- Follow the manufacturer’s instructions when erecting the scaffold, under the direct supervision of a competent person.
- Be mindful of coworkers working above and below you at all times, as well as others working on the scaffold.
- Use the debris chutes or lower things by hoist or by hand.
- Chock the wheels of the rolling scaffold, using the wheel blocks, and also lock the wheels by using your foot to depress the wheel-lock, before using the scaffold.
- Always use netting to catch anything that falls.
Scaffolding Safety Don’ts:
- Leave anything on the scaffold at the end of your shift.
- Overload the scaffold.
- Use unstable objects such as barrels, boxes, loose brick or concrete blocks to support scaffolds, increase your work height or planks.
- Work on platforms or scaffolds unless they are fully planked.
- Use a scaffold unless guardrails and all flooring are in place.
- Stand on ties, guardrails, or extensions.
- Use the scaffold if it appears damaged in any way, has been tampered with, or if there are components missing such as planking, guardrails, toeboards, debris nets or protective canopies.
- Walk on scaffold planking covered in ice, snow or mud.
- Avoid using a scaffold during adverse weather such as heavy rain, sleet, ice snow or strong winds.
- Climb on any portion of the scaffold frame not intended for climbing.
- Never climb with any materials or tools in your hand, they should be hoisted up to the scaffold separately.
- Jump from, to, or between scaffolding.
- Lean out or overreach outside the guardrails.
- Rock the scaffold.
- Throw anything “overboard” unless a spotter is available.
- Move a mobile scaffold if anyone is on it.
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Scaffolding Safety Tips: How to Use a Scaffolding
Scaffolding use develops over time—it can be affected by regional regulations, current industry best practices, and construction site specifications. See below for some simple steps to build and use scaffolding properly:
- Barricade the scaffolding area and put signage indicating an ongoing scaffolding structure.
- Validate the correct number of parts by comparing them with existing documentation.
- Find the corner point and align the scaffolding with the building.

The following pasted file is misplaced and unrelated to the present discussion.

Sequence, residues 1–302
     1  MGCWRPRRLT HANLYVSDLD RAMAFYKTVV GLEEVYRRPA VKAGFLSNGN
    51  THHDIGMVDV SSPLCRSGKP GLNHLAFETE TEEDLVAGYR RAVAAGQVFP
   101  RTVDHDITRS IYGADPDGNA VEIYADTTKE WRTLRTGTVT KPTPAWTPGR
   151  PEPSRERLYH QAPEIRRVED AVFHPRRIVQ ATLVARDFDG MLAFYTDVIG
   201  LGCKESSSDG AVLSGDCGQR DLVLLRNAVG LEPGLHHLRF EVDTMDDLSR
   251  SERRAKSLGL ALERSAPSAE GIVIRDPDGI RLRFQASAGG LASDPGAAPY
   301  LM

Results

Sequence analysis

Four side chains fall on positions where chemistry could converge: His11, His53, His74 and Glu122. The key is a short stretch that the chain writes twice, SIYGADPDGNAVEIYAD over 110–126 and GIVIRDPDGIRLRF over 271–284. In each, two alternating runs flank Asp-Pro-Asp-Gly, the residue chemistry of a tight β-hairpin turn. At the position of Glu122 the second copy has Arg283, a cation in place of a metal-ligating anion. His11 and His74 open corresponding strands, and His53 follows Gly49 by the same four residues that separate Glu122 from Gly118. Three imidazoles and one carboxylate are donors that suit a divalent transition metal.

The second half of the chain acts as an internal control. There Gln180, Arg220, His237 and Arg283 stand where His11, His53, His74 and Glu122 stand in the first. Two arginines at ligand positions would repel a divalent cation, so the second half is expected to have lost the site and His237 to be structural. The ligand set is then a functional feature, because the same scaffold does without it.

- Assemble the parts of the first lift to set up positions for soleplates then ensure that they form a firm foundation for the scaffolding.
- Adjust the baseplates to accommodate uneven floors and grounds.
- Erect the first bay by starting at the highest point.
- Use a spirit level to align the bay then alter the baseplates through baseplate adjustments.
- Check if the distance of the bay from the building is correct then move it if required—use a lever to safely move the bay.
- Measure the diagonal dimensions of the bay or align the plates to make sure that they are squared.
- Set up the pins, wedges, upper transom, and ledgers then complete the first bay.
- Create a working platform by arranging planks in a lift—this makes it easier to add the succeeding upper ledgers and transoms.
- Build an access bay on the non-operating area of the structure using stairs to provide easy access to the scaffold.
- Add transverse braces to the scaffold to strengthen the structure and prevent it from swaying.
- Construct scaffold returns similar to how the other bays were structured.
- Connect the main scaffold to the return by tying them together using scaffold tubes and right-angled couplers.
- Add longitudinal braces to every fourth bay then form the next temporary platform by transferring the planks from the base working platform on the next lift.
- Install the standards for the next level then set up transoms and ledgers to function as temporary guard rails.
- Set up the working platform by arranging all the transoms and ledgers for the next lift.
- Continue to build the scaffold until the desired number and height of lifts are established.
- Attach the toeboards to the standards using clamps or wires.